How the Jazz came out of Nowhere

How the Jazz came out of Nowhere

by Nico Fiscella

When looking at the eighteen men who suit up in the Utah Jazz uniforms, you have to applaud general manager Dennis Lindsey for the work he has done for this team. Of the eighteen players on the roster, only one has been drafted by Utah with their pick. How have the other seventeen players found themselves playing in Salt Lake City?

Thank You, Denver

Donovan Mitchell, the leader of this Jazz team, was selected 13th overall in the 2017 NBA draft, however, he was not seen walking up the stage in a Utah Jazz hat. The Denver Nuggets owned the pick and selected Mitchell, only for Dennis Lindsey to swoop in and acquire the future franchise shooting guard for Tyler Lydon and Trey Lyles. 

Mitchell has been outstanding since coming to Utah. Meanwhile, Lydon and Lyles are both off of the Denver Nuggets roster. Lydon was waived by the Sacramento Kings in 2019-2020 and has not been seen on a team since. His NBA career has only lasted twenty-six games. For Lyles, he spent two years primarily coming off the bench for Denver. He then left for the San Antonio Spurs in which he is a solid rotational piece.

Ironically, this was not the first draft night trade Utah has made with Denver to acquire an all-star.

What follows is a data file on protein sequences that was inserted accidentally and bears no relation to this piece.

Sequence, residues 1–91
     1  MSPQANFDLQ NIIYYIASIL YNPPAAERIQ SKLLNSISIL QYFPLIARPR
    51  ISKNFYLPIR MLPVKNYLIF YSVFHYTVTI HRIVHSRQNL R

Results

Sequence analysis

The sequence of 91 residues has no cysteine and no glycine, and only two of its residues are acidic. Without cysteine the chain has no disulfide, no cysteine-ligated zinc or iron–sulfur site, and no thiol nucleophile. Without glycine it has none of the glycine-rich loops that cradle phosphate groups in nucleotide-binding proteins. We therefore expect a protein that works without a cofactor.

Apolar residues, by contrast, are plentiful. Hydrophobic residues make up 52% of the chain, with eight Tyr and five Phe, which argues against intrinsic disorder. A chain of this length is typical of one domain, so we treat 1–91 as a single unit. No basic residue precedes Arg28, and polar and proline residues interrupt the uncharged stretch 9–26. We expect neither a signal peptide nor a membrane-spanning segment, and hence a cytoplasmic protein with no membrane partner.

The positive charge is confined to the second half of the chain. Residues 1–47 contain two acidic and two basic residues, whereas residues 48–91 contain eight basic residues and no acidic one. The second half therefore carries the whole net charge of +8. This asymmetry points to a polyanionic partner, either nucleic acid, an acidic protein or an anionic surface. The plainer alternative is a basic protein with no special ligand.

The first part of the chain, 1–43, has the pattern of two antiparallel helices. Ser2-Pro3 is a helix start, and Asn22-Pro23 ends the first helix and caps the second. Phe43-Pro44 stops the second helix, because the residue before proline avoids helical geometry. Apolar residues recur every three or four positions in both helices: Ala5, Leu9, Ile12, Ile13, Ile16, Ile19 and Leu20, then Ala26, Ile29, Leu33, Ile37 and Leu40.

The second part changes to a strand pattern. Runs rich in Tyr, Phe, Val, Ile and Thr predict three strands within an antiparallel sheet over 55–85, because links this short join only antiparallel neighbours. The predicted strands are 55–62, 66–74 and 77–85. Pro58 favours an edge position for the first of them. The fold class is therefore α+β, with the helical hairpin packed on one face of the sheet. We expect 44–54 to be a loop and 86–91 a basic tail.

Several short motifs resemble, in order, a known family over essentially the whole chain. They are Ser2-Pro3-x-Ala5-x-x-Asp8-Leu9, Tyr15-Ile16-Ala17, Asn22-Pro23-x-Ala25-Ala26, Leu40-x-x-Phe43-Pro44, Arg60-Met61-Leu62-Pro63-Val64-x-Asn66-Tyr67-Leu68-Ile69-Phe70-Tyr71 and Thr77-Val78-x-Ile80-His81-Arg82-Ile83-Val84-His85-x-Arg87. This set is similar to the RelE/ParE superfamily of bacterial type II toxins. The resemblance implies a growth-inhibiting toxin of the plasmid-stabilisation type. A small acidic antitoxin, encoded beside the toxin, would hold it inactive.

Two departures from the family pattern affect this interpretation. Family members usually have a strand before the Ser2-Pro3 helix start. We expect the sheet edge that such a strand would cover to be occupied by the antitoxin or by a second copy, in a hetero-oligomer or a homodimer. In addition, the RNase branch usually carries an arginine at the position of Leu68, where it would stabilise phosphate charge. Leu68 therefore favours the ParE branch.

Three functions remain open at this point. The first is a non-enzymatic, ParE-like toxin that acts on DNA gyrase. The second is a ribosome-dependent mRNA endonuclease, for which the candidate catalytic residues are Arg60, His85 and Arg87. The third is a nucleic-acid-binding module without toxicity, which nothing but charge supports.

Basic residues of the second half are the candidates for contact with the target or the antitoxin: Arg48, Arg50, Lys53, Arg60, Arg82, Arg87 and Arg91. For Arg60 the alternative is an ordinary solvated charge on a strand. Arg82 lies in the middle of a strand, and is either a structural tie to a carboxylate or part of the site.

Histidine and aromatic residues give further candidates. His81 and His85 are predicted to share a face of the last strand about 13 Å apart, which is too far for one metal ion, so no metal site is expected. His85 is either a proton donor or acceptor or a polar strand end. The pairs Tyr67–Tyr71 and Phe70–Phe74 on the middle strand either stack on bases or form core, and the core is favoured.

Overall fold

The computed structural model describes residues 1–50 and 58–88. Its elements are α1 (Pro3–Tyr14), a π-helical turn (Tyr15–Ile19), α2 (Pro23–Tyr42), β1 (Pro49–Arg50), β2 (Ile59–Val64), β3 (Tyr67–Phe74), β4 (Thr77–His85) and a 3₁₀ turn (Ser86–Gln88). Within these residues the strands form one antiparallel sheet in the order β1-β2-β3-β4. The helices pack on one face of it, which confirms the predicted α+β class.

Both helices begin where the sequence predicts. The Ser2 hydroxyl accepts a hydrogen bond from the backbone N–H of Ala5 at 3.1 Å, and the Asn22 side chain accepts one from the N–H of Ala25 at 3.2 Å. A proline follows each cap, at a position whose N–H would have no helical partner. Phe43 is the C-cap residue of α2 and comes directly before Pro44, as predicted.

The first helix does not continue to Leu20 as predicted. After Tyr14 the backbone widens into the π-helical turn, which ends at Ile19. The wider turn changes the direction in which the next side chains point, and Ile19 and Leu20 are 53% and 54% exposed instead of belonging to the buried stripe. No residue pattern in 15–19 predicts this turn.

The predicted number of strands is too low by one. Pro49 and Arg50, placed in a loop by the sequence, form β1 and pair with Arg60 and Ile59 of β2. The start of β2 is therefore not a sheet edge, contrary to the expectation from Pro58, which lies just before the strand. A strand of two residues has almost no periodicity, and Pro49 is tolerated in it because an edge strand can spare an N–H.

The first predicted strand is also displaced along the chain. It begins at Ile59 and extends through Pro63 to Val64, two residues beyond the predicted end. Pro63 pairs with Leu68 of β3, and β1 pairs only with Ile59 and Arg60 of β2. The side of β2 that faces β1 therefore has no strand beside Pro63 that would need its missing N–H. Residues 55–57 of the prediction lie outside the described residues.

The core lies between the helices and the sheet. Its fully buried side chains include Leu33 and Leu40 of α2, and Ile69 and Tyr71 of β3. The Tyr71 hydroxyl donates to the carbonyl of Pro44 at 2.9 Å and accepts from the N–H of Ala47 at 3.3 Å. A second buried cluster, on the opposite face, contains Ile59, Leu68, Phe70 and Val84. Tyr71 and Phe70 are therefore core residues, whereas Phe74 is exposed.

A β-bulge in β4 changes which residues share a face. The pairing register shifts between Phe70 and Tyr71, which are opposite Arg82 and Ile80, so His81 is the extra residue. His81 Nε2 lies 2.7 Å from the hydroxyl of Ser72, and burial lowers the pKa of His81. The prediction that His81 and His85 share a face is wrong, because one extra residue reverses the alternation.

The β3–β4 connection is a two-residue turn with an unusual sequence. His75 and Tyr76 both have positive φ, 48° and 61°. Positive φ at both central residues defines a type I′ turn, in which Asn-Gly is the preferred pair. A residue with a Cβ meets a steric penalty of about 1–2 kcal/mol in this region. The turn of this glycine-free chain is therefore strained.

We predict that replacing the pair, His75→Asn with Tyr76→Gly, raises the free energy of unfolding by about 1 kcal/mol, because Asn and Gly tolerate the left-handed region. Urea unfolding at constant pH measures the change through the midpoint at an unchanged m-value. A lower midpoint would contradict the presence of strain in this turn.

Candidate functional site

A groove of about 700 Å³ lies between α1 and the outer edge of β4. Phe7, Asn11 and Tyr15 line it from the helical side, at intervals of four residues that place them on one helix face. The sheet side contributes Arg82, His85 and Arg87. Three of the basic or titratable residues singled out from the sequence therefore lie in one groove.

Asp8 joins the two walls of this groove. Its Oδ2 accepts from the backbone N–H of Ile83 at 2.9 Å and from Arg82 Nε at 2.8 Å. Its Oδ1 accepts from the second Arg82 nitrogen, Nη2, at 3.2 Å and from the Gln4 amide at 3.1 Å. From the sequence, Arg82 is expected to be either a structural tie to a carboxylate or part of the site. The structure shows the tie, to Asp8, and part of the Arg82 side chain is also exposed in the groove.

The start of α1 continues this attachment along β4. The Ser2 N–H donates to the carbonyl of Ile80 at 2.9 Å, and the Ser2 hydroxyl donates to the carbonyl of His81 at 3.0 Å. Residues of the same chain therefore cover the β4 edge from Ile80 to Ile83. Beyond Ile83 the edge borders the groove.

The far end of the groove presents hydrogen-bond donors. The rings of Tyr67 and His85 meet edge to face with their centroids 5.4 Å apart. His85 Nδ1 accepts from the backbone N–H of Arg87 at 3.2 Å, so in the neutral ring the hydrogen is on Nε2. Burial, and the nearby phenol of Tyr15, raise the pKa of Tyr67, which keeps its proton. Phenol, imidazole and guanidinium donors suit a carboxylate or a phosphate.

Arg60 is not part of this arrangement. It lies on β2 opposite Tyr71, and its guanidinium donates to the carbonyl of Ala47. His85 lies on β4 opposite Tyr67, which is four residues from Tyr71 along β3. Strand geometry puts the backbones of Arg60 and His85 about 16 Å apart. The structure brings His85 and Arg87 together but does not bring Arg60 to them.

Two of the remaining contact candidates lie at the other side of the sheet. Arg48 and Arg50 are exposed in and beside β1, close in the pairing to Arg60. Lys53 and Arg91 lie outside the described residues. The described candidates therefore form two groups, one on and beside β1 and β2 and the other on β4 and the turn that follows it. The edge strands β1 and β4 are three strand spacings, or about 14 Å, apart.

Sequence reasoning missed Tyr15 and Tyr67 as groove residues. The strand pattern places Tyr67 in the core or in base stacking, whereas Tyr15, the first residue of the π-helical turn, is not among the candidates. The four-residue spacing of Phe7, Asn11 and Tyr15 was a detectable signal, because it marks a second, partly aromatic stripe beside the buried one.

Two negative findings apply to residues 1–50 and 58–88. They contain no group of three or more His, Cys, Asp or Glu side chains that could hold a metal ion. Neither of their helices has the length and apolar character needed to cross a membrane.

Just like Mitchell, Rudy Gobert walked up the stage and shook hands with Adam Silver in a Denver Nuggets cap. Gobert was selected with the 27th overall pick in 2013, and the 7’1” French center brought more to the table than people believed. The future Defensive Player of the Year was shipped to Utah for cash considerations and a second-round pick.

That second-round pick turned into Erick Green, a point guard out of Virginia tech. Green saw the majority of his NBA career in his first season. He appeared in 42 games on nine minutes a night. Unfortunately, Green’s NBA career would end the next season, as he appeared in only nine games and saw his last NBA minutes on the Jazz. The Nuggets waived the second-year point guard in November, and Utah signed Green to two consecutive ten-day contracts.

Rudy Gobert has been the perfect wingman to Donovan Mitchell. Gobert found himself in his second career NBA All-Star game. This year he is averaging over 14 points, 13.5 rebounds, and exactly three blocks per night.